The past few days and weeks have laid bare the toxic racism and white supremacy that are woven into the fabric of America, every one of our systems, and every single town and city. The murders of Ahmaud Arbery, George Floyd, and Breonna Taylor and the harassment of Christian Cooper are not single, unique instances, but rather examples of the long-standing, pervasive, ongoing, systemic racism that infects our culture, government, and systems of power.

In America today, if you are a Black person, you encounter the potentially deadly effects of racism at every stage of your life. From schools that perpetuate the school to prison pipeline, to the community, where harassment and over-policing directed at Black people is the norm, to biases in the health care systems that contribute to health inequities, institutionalization in poorly performing nursing homes, and even early death. This is why we are seeing shockingly high rates of deaths from COVID-19 among Black people. We are witnessing communities of color losing people of all ages at an alarming rate.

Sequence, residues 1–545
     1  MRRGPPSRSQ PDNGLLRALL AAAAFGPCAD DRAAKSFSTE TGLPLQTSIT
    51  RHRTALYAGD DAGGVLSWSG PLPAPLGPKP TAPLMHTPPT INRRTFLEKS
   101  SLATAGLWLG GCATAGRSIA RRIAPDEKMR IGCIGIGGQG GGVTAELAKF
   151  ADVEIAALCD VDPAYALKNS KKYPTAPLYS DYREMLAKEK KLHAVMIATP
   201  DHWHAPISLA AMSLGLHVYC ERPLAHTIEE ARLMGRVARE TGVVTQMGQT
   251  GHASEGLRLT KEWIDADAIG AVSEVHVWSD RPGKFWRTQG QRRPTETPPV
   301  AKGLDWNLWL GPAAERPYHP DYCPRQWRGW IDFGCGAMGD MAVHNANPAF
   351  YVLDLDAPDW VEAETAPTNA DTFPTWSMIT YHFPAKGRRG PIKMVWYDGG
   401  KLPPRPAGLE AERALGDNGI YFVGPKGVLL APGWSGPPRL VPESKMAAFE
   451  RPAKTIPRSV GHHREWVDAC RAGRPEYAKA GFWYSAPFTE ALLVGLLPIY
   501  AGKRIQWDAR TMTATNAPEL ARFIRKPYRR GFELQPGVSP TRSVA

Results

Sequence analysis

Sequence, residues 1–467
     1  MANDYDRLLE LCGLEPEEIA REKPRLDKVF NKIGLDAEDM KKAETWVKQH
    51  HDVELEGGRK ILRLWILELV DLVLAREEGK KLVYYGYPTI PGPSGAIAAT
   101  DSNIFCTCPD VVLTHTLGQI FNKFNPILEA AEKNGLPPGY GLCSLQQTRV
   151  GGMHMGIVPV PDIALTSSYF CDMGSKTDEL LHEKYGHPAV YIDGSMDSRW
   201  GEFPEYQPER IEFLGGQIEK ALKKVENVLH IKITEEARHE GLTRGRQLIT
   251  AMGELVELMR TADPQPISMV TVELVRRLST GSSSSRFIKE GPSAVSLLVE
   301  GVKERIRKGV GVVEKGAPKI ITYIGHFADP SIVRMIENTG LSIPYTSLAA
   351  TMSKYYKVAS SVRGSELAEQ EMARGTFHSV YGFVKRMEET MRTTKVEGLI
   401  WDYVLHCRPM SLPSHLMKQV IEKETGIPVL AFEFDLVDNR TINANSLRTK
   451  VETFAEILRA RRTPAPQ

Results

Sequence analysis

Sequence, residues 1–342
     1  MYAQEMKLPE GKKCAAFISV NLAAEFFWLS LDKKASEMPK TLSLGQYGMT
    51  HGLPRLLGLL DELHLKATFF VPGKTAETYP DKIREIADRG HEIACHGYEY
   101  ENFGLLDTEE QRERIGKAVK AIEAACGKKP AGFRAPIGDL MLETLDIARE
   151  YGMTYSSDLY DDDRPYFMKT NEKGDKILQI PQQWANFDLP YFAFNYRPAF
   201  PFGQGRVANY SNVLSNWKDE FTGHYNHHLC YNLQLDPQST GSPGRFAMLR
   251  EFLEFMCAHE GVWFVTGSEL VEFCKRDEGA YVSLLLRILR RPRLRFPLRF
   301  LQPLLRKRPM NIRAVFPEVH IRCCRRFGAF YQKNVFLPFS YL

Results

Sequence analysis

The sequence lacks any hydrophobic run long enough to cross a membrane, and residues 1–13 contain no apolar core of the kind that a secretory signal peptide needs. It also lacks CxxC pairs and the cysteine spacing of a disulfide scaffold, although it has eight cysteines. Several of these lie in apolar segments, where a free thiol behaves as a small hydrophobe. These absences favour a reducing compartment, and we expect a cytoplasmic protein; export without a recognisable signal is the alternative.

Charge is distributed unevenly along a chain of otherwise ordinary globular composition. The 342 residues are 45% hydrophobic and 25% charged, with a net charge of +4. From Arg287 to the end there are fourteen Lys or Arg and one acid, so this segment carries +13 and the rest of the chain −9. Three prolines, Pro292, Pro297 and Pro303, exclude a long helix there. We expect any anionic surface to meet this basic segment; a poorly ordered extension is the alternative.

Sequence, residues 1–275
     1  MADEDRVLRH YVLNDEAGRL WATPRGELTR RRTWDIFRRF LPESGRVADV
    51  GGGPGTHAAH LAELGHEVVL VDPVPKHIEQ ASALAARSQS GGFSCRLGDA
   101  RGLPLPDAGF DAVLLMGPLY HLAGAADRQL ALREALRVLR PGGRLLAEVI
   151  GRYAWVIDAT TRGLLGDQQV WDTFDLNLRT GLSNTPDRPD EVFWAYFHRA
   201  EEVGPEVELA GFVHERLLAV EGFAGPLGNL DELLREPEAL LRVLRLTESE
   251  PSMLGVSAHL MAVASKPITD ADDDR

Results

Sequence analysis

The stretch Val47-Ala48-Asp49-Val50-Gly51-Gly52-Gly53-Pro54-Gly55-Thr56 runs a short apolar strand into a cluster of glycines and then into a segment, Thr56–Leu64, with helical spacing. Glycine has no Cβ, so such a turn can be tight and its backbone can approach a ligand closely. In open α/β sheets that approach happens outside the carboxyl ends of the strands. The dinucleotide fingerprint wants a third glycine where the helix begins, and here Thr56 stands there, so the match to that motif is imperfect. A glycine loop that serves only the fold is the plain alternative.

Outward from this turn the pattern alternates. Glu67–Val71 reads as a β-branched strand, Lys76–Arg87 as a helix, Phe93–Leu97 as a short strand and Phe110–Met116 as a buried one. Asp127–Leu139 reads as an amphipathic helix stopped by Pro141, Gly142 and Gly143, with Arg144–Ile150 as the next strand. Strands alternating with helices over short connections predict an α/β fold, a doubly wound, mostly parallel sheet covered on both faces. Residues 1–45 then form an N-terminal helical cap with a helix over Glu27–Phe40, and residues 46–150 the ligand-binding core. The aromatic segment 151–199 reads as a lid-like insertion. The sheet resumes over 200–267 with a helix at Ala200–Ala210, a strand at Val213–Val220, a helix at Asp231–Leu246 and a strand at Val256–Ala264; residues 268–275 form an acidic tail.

And in America today, if you are a Black person, you can’t safely leave your home without putting your life in danger. And even inside your home, you may be gunned down for no reason. If you protest these injustices peacefully, you are criticized. If you protest loudly, you are criticized and often met with violence. It is racism that causes many observers to focus on the violence that sometimes accompanies protests, rather than the injustice at the root of the protests. Racism is a virus that infects the whole of our society. The xenophobic hatred aimed at Asian Americans, the high numbers of COVID-19 infections among Pacific Islanders and Latinx people, many of whom who are doing the essential work of caregiving and food service, the skyrocketing deaths in Native American communities – all of these are part of the racism that is embedded into every aspect of American life.

Here at Justice in Aging, we are in solidarity with members of our community who are fighting the devastating effects of racism. We acknowledge that we are all part of this system that bestows unearned privilege on many, and leaves others behind. We say together: Black Lives Matter. To fight racism, we must be explicitly anti-racist. We reaffirm our commitment to do everything individually and collectively that we can to break down these systems of oppression so all of us, at all ages, can have the freedom and justice we deserve as humans.

Kevin Prindiville

About Kevin Prindiville

Kevin Prindiville is Justice in Aging’s Executive Director. He is a nationally recognized expert on Medicare and Medicaid policy and has served as counsel in several class action lawsuits protecting low-income senior’s access to public benefits.